The second section of the book is dedicated to methods that are used for the creation of fine-grained materials. This is a required first step to create the desired structure in a given material for use in subsequent superplastic forming operations. The authors treat this section thoroughly. It represents a very important contribution in a field that Russian scientists and technologists have pursued extensively. In fact, this type of work was pursued much before superplastic forming studies were started. The transliterated Russian word for this discipline is “ter.mo.me.chess.kaya-o.bra.bot.ka”. It is now universally called thermal-mechanical- processing and the acronym for the process is TMP. A well-known international symposium is held once every three years on this subject (Thermec 2003 in Madrid, Spain and Thermec 2006 to be held in Vancouver, Canada). The authors describe many approaches that include thermal-mechanical processing of cast materials and of powder metallurgy materials. Approximately two hundred pages are devoted to this general subject. The object, of course, is to describe the use of TMP for creating ultra-fine grain size materials. The authors point out that the finer the ultra-fine grained material, the lower the temperature for successful superplastic forming. A lower temperature of superplastic forming means economy in fuel consumption in heating the material for manufacturing the product. In addition, the finer-grain size will result in a higher strength in the superplastic component for ambient temperature use. Another advantage of creating ultra-fine grains is that the rate of forming the material in the superplastic state can be increased, thus increasing the production rate of components. This is an important factor in the decision for using superplastic materials versus conventional materials and procedures in the production of structural components.
The nature, that is the structure, of the grain boundary is of paramount importance in obtaining ideal superplastic behavior. The boundary structure must be fully disordered, that is, have an amorphous, structure-less feature. These are called high angle boundaries. If the grain boundary consists of defects in the form of dislocations, then the materials will not be superplastic even though the grain size is very fine. These boundaries are called subgrain boundaries. The authors point out that if unidirectional deformation is used in the TMP step, the formation of a fine grain size with high angle boundaries is not readily achieved. The result is a fine subgrain-size material that will not show superplastic behavior, although the strength at ambient temperature will be attractive. The authors point out that high angle grain boundaries are more readily achieved if the TMP involves multi-directional deformation. Two processing methods are described where such a state is created and the amorphous-type grain boundary is achieved. One method is by applying unidirectional deformation simultaneously with torsion deformation. Another method is by deformation through equal angle channel pressing. In the latter case, the material is pressed through a sharp turn in a curved die that results in a shearing deformation with no change in the shape of the sample. This pressing operation, usually done at warm temperature, is repeated several times. The deformation is multi-directional. In both cases, it is shown that high angle grain boundaries are achieved, and the grain sizes can be made as small as 100 nm in dimensions. Such sizes indicate that high strain rate superplasticity is achievable, and that low temperature superplastic deformation is possible.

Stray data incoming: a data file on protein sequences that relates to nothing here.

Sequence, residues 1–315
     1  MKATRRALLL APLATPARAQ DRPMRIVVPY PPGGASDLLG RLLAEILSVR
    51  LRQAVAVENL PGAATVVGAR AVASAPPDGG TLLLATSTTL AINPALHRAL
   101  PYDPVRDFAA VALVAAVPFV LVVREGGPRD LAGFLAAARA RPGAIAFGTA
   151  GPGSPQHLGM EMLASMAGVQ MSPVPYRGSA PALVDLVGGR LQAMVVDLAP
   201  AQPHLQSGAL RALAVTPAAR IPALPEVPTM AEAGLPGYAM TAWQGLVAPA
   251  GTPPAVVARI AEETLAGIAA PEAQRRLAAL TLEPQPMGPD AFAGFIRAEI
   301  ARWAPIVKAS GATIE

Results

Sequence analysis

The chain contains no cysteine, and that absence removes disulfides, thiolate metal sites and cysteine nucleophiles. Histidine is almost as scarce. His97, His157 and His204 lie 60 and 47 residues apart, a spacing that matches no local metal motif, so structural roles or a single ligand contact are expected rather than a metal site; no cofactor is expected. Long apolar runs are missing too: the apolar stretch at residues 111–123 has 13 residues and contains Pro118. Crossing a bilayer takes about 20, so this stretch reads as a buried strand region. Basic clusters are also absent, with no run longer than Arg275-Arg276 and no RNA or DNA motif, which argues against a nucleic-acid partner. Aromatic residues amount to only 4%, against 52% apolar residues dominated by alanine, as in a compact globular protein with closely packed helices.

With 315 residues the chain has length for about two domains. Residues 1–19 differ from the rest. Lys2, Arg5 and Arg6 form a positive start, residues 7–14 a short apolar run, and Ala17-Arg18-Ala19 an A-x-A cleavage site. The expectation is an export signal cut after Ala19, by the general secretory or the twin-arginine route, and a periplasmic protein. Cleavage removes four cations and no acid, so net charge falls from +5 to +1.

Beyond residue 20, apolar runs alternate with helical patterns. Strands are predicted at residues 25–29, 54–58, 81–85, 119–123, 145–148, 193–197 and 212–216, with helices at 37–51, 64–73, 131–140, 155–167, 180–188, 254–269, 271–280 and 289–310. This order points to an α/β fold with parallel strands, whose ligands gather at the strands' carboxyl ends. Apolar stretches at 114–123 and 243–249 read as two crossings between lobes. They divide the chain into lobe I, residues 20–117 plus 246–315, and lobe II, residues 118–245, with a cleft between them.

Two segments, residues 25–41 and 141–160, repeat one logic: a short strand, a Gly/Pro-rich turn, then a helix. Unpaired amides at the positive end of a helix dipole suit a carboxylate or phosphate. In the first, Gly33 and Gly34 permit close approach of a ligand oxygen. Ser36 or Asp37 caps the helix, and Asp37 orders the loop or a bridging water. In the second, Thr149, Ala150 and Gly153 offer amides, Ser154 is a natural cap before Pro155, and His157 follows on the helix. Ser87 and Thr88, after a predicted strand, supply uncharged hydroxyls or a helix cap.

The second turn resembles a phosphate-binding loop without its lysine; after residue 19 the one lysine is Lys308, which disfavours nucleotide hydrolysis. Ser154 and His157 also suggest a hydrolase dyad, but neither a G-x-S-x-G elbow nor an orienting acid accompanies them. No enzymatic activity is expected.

Kaibyshev and Utyashev have published many papers, sometimes together and more often separately. The authors, however, appear equally motivated to work together in promoting superplastic forming of materials for the aerospace industry. This is amply evident in their work on nickel-base superalloys that have application in gas turbine engines. Similarly, the authors’ activities with titanium alloys indicate their interaction with the titanium industry in developing fine structures in large-scale billets.
The third section of the book is dedicated to roll forming under superplastic conditions. Approximately 100 pages are devoted to this subject. The authors point out that the manufacture of axisymmetric components with superplastic materials has considerable promise in many applications. An example is that of roll-forming of wheels for automobiles. A major benefit of making a wheel by superplastic forming is that the final product will contain a uniform fine-grained structure. Automobile wheels are made of aluminum because of its low density. The steps in making the wheel are described in the following three sequences, all done isothermally at 450°C. A commercial aluminum alloy is extruded to a selected diameter. A round disk is cut from the extruded bar and is isothermally forged superplastically into a simple wheel preform containing a rim. The operation takes about 10 minutes. The final phase involves roll-forming the preform on a converted lathe-type machine. This operation also takes about 10 minutes. A heat-treatment is given to the wheel to achieve the specified hardness, followed by surface machining. This work has stimulated the interest of Kaiser Aluminum and Chemical Corporation and researchers at Lawrence Livermore National Laboratory. A report on the properties of the wheel and its microstructure has been published (C. K. Syn, D. R. Lesuer, T. G. Nieh, H. S. Yang, K. R. Brown, R. O. Kaibyshev, and E. N. Petrov, Automobile Alloys II, Ed. S. K. Das, The Minerals, Metals and Materials Society, Warrendale, PA, 1998, 173-183). Adoption of the isothermal forming of automobile wheels would represent a big advance for the emerging field of superplastic bulk forming of materials.
Oleg D. Sherby
Dept. of Materials Science and Engineering
Stanford, CA 94305